Ploughshares gave me a more believable (from my point of view) price point. They pay $25 a page with a minimum payment of $50 and a maximum of $250. That’s compares very reasonable to sci-fi pricing which pays about 5 to 10 cents a word typically, which translates to about $15-$30 dollars a page. The other three magazines on my list (The Atlantic, Harpers, and Tin House) didn’t list any price whatsoever. Still, I had my data point. Now I investigated a few middle of the road publications at random to see what I might be able to get for my story.
I discovered two things: first, there is a huge amount of literary magazines to choose from. There are hundreds. Some are well respected publications with a large readership. Some are sponsored by a university. Some are just glorified WordPress blogs. The second thing is that almost none of them are willing to pay for your work. After slogging through a dozen I only found one that provided compensation, and they paid a flat fee of $25 regardless of length. The rest weren’t willing to put up a dime. One of them in particular really got me riled up. I won’t name names (I don’t want to give them the traffic) but the “magazine” was just a WordPress blog with it’s own domain. In the first paragraph on their submissions page they let people know that “Our only criteria is quality.” Really? So you want quality work, but you’re not willing to pay for it? Cuz hey, for what you’re paying (that is, zilch) I’d gladly let you publish the stories that the paying publications rejected. If you want my quality work then you’ll have to pay for it. What would you think if someone put out an ad saying “WANTED: skilled carpenters to remodel kitchen. Only applicants that do quality work will be accepted. We won’t pay you, but you’ll get some exposure when we show our kitchen off.”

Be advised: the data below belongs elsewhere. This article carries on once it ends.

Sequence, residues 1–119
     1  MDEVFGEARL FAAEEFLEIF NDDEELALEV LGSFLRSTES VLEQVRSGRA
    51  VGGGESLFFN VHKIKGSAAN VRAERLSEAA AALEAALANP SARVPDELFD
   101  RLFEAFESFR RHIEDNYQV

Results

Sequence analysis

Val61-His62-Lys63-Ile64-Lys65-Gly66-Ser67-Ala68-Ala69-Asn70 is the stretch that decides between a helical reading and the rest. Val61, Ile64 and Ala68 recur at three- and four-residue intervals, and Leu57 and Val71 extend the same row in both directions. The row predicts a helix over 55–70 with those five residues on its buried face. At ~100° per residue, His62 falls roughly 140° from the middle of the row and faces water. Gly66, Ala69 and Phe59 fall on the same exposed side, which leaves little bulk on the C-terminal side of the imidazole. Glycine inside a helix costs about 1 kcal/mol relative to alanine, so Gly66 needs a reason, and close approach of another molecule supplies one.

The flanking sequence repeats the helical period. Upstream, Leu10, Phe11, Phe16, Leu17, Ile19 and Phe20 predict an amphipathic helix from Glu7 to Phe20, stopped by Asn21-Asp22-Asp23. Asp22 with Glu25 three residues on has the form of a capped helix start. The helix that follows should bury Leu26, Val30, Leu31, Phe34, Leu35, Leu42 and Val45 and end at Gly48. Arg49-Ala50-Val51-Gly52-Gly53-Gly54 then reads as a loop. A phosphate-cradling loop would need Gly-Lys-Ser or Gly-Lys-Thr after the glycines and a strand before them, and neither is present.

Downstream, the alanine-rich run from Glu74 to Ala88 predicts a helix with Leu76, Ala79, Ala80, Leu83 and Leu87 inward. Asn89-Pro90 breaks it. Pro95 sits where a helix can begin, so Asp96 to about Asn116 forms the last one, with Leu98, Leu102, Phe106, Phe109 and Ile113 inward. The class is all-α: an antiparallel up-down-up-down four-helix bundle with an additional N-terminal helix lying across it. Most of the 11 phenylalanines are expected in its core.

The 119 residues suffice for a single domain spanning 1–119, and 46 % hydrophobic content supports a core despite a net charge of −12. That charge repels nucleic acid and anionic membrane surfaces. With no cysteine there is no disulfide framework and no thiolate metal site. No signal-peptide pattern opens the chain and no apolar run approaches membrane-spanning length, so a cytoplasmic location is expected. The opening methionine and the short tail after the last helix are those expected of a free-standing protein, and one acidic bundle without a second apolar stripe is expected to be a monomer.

That wouldn’t have been enough to warrant complaining about here on the blog, but what I found next put me over the edge. Apparently they’re in the midst of selling a book collection of the stories they’ve published this year. This was bad enough (the stories were good enough to sell at a profit, but not good enough to pay for?) but what I found next took the cake. They were having a “submission contest” for stories to put into their next book. They charged $11 for the privilege to submit a story to be considered for publication. They are charging writers so that they can, in turn, sell their work to other people at a profit. One story would be chosen as the grand winner. I thought “Alright, maybe they’re not total scumbags. Maybe the cash prize is worth the risk. Then I found out that the grand prize was 100 copies of the final book, to sell on your own or give to your friends.
Let me just spell this out, one more time. They are charging writers for the privilege of having their work sold at a profit without compensation for the hope of winning a prize that consists of advertising their publication for them.
The mind boggles.
Listen, maybe I’m a crazy coot. I haven’t sold a single story, haven’t made a single penny at writing yet. So take my advice with a generous helping of salt. But please, if you’re an aspiring writer out there, listen to me. If your work is good enough to be published (ie, good enough for them to make money off of it) then it is good enough pay for. Do not devalue your own work. Writing is a skill, a skill that takes time and effort to sharpen. Insist on being compensated.
As for me, I’m going to take my short story idea and place it in a sci-fi setting. Because at least they respect that a writer deserves to be paid.